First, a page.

Mozart and more in unique program from Cantate Chamber Singers

Mon Mar 02, 2020 at 12:52 pm
By Alex Baker
Victoria Gau conducted the Cantate Chamber Singers in Mozart’s Requiem Sunday in Bethesda.

Victoria Gau, now halfway through her first season as music director of the Cantate Chamber Singers, led the chorus in a unique program interspersing (mostly) 20th century choral selections among the movements of Mozart’s Requiem, Sunday night at Bradley Hills Presbyterian Church in Bethesda.

As Gau noted in pre-concert remarks, the insertion of these works sought to complement and amplify various themes brought forth in the Mozart. While the associations were fairly general, the integration of these pieces within the Requiem added a nice sense of flow to the usual practice of programming a first half with smaller pieces to fill out the running time when the major work isn’t quite long enough.

Gau presided over a spirited reading of the Requiem, leaning towards vigorous tempi throughout. While the default here was a very robust sound, she maintained a keen sense of internal dynamics as well. The chorus kept pace admirably with these demands in a tight performance that demonstrated how compelling the Requiem’s choral music can be with a healthy sense of momentum.

Though passages like the “Lacrymosa” might have benefited from a bit more of a “dirge” quality, this was a winning approach overall. The closing “Cum Sanctis” fugue, repeating music from earlier in the work, was an especially rewarding finish, with clear diction and finely articulated passagework, particularly in the sopranos’ ringing ascending figures.

While the fine orchestra fielded for this concert was key to the full sonority created here, the forces wrestled with balance issues at the outset of the Requiem, with the orchestra often overpowering the group of just 25 voices. By the “Rex Tremendae,” adjustments seem to have been made, and the choir’s forte was appropriately gripping, though some competition remained in the heavier Requiem movements.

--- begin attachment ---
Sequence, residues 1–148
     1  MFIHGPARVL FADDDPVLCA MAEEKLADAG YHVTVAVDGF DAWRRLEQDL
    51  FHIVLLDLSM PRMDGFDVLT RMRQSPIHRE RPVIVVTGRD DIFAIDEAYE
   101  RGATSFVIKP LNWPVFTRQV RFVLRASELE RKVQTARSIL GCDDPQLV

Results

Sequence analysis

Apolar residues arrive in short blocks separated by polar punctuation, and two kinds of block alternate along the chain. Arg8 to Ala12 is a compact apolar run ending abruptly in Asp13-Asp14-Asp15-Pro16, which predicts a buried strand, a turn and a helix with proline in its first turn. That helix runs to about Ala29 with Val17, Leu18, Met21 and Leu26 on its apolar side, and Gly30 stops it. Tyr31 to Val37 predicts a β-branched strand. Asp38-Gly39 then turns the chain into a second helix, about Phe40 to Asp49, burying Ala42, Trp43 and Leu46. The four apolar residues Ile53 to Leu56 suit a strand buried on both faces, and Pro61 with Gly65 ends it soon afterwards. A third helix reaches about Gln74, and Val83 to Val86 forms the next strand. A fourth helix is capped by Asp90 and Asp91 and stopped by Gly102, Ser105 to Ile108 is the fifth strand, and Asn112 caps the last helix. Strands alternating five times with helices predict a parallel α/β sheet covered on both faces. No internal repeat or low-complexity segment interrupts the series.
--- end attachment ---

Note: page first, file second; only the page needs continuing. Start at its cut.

Balance issues were particularly acute for the understaffed tenor section. Though they demonstrated a good sound when exposed, as in the “Confutatis,” tutti textures frequently felt light in the middle, particularly against a consistently solid foundation in the bass section.

The Requiem featured a strong quartet of soloists that easily filled the church with operatic sound. Stephen L. Bryant’s commanding baritone and Matthew Loyal Smith’s clarion tenor delivered a rousing start to the “Tuba Miram,” while the rich mezzo of Cara Schaefer and Deborah Sternberg’s cool, distinguished soprano contributed well in both solo sections and lovely ensembles in the “Recordare” and “Benedictus.”

The “interspersed” selections offered an opportunity to hear the chorus in different musical contexts from the Requiem.

John Tavener’s Song for Athene, drawing on Orthodox motifs, featured some beautifully blended piano singing across the group. A generous, unified sound did much to bring alive Andrew Earle Simpson’s evocative arrangement of “Wayfaring Stranger,” paired with a soaring solo from Sternberg and an intriguing instrumental arrangement. 

The chorus also made a persuasive case for Victoria Bond’s melancholy “Your Voice is Gone,” which sets a poem about one of the young female workers killed in the Triangle Shirtwaist Factory, though here, as in a few other places early in the program, the soprano sound tended to spread and undershoot the pitch at the top of their range. Less successful was Moses Hogan’s a capella arrangement of “Abide With Me,” in which consistent tuning was an issue.

The opening movement of Brahms’ Ein Deutsches Requiem was a clear choice to complement the gentler portion of Mozart’s Requiem, but also felt unpolished. A number of the tricky entrances that pepper the score lacked a unified sound, particularly in the basses, though the middle section of the piece was much stronger, with the warm, attractive sound of the alto section notable here as in other moments throughout the evening.

Victoria Gau and the Cantate Chamber Singers close their season with “Wonder: Music and the Natural World” 5 p.m. May 10 at Bradley Hills Presbyterian Church in Bethesda.

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